A valid concern in the runup to the 2016 EU referendum was that free-marketeers within the Tory government would cast farmers aside post-Brexit, leaving them to compete in a global market without farm payments.
In fact, there were some local farmers who supported Brexit for that reason, and wanted the freedom to farm without the rules and regulations imposed by the EU.
That bonfire of regulations was never going to happen, and in any event, it is impossible to compete long-term in a global market when most other countries actually support the incomes of their producers.
But since 2016, a different dynamic is now in play, with many countries following the UK lead, and signing up to net zero carbon emissions by 2050. So while agriculture will still be expected to produce food, it will also have to deliver greater biodiversity, and perhaps most importantly, sequester carbon whether in trees and hedges, peatland or grassland.
To achieve all those things, there now seems to be a clear recognition, even within the UK government, that farmers will need financial support. Farm funding might only be guaranteed for the lifetime of the current UK Parliament (2024), but there is no appetite among politicians to cut funding beyond that date.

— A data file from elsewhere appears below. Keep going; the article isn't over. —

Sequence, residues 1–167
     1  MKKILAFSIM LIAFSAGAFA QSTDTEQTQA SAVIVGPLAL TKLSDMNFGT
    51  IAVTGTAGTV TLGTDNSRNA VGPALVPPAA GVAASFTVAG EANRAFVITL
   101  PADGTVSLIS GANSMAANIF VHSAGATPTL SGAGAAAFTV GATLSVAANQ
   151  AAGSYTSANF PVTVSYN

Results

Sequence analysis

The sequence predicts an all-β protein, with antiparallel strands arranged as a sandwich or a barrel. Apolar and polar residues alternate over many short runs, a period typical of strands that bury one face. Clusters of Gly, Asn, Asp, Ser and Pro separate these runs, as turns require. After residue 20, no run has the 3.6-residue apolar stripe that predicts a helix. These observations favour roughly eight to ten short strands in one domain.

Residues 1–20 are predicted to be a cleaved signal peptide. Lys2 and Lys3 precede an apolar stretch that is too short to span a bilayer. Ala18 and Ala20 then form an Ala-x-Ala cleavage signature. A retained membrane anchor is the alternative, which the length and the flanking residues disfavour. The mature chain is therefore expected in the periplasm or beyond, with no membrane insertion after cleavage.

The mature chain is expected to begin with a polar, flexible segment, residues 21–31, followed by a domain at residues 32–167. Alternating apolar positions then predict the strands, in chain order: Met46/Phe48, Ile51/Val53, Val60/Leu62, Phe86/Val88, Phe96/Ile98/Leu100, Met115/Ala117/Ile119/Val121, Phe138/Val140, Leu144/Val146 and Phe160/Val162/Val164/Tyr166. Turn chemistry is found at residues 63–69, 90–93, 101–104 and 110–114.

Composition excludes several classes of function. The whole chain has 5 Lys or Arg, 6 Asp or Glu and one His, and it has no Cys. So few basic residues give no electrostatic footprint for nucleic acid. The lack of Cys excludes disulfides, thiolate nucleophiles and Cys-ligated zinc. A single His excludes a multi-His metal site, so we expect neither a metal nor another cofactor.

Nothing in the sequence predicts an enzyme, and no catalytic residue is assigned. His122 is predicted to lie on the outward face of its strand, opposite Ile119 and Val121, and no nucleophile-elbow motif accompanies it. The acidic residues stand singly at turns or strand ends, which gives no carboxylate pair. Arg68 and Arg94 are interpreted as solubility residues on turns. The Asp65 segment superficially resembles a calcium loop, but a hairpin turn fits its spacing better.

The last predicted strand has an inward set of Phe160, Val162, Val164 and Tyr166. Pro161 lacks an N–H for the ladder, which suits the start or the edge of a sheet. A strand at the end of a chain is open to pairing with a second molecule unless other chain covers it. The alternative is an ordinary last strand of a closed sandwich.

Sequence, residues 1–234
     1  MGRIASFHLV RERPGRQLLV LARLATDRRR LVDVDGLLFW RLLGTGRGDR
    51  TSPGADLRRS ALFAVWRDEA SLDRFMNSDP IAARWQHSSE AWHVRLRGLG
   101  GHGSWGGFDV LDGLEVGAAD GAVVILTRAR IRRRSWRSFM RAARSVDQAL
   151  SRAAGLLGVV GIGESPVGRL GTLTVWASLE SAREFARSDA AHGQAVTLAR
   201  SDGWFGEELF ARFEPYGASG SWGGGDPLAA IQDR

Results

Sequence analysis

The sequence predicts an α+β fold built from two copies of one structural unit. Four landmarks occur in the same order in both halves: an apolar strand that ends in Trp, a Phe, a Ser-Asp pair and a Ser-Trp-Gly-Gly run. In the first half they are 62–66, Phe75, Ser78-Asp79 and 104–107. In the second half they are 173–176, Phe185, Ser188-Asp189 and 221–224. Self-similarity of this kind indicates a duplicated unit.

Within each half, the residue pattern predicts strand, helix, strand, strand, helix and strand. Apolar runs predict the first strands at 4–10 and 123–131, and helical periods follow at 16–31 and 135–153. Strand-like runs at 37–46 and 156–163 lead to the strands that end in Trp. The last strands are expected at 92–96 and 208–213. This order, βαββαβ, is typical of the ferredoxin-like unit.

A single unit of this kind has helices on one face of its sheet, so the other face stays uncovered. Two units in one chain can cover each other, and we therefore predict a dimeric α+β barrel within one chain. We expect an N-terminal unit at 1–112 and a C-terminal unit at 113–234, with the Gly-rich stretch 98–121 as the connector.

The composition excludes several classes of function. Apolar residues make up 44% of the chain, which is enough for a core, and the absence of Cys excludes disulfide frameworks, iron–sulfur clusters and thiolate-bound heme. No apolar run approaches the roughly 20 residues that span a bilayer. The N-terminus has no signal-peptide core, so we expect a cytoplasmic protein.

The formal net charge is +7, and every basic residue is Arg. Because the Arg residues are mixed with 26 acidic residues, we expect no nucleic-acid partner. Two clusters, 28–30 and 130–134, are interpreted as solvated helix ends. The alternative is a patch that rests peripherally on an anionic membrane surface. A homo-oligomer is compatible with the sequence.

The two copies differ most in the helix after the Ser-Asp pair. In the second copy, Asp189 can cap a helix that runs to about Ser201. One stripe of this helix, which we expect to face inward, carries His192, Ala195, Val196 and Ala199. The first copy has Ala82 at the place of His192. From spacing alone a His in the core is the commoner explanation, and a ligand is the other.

There is also a need for a new mindset within the farming community
However, to access that money, farmers will have to do things differently, get involved in carbon benchmarking and be open minded to changes within the farm gate that will improve the environment.
There is also a need for a new mindset within the farming community, and if your neighbour decides to plant trees, grow energy crops or re-wet a bog, they should be seen as innovators and early adopters, not failed farmers.
Embracing these new challenges will not only allow us to access a pot of money, it will also secure our market and be the basis of our defence against cheap imports. We need to ensure that trade deals are rendered meaningless because our home-produced food has a lower carbon footprint.